Zen and the art of plastic engineering

There is a season for grown-up knowledge


I recently met a young man from the plastic industry who talks about the need to add value to everything – products, knowledge, experience and relationships. He is direct, calm and, from what I could make out in my first meeting, articulate and tolerant. He was educated at the University of Massachusetts in Lowell – an institution well known for chemical plastic engineering.

He tells me that the U of Mass Lowell connection to the PlastIndia University coming up in Vapi in Gujarat will mean a huge upgrade for the industry and for the quality of experience of the students. He talks about science and research and development and allowing young engineers just off the campus work on projects that are completely new and that do not have any immediate financial returns. Something that has stayed on my mind, apart from all this, is that he is off on a trip across Nepal on a Triumph motorcycle.

Elite in Mumbai and the ProPak Conference at Greater Noida

I am looking forward to the 7th Elite Speciality Films and Packaging Conference in Mumbai, which starts tomorrow and which is mammoth in its audience and number of presentations. As I wrote last month, it seems that the Indian plastic industry is no longer in denial of all the implications of plastic waste and recycling.

To a large extent this new realism was evident at the Elite Conference on plastic injection and blow molding in July of this year, when several sessions addressed the issues of waste collection from the point of view of individual and industry responsibility apart from that of the brand owners and government. Maharashtra government officials, who were also present, must be given credit for waking up the industry with their bans, however much in need of refinement. This augurs well for the upcoming event on 4 and 5 September 2018 in Mumbai.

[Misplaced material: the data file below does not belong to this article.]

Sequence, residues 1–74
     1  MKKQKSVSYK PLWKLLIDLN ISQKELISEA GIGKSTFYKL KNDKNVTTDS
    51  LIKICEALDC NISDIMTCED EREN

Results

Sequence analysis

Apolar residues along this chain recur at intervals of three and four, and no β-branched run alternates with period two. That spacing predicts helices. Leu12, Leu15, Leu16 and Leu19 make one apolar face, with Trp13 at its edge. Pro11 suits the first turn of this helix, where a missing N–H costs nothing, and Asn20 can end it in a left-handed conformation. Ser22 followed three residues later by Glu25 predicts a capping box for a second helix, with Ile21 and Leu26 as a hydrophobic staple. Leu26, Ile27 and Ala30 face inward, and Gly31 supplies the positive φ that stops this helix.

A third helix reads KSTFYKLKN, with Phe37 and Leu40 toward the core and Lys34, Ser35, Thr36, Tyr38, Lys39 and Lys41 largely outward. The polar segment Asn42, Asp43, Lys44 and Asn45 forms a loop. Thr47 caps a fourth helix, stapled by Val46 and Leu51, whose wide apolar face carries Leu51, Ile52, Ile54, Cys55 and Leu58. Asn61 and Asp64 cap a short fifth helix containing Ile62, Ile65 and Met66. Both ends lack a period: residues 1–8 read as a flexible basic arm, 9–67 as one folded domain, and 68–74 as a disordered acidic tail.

The new realism and more sensible talk was evident at the ProPak India 2018 exhibition and conference in Greater Noida. The first exhibition and conference were small (alongside UBM’s larger and well-established Food and Ingredients Show) but interesting. Organized in a short time frame, the conference was aimed at being a knowledge event and this was demonstrated in several sessions. Andrew Manly’s presentation on Active and Intelligent Packaging was outstanding and relevant.

There were a couple of sessions that directly addressed the issues of plastic waste collection and recycling. It was refreshing to hear speakers from very large and leading companies admit (on behalf of the industry) that all the stakeholders collectively missed the bus on the PWM order of 2016, and only woke up this year when it was imminently going to take effect and finally when the shoe dropped with the Maharashtra state ban on plastics.

Useful outcomes of these discussions from my point of view were the more realistic plans for implementation of waste collection and recycling – an actual workflow that is being planned by brand owners and industry was shown. The second useful outcome was that of costs of waste management and how these would be allocated – it was implied that brand owners will absorb these costs, which of course ultimately means the consumer.

The third useful discussion outcome was the suggestion that we need to move from 5 R’s to 7 R’s, with the seventh R being research. The implication is that not all the data being bandied about is perfect and not only industry and waste data but basic materials and recycling technology research are part of the cost of growing up.

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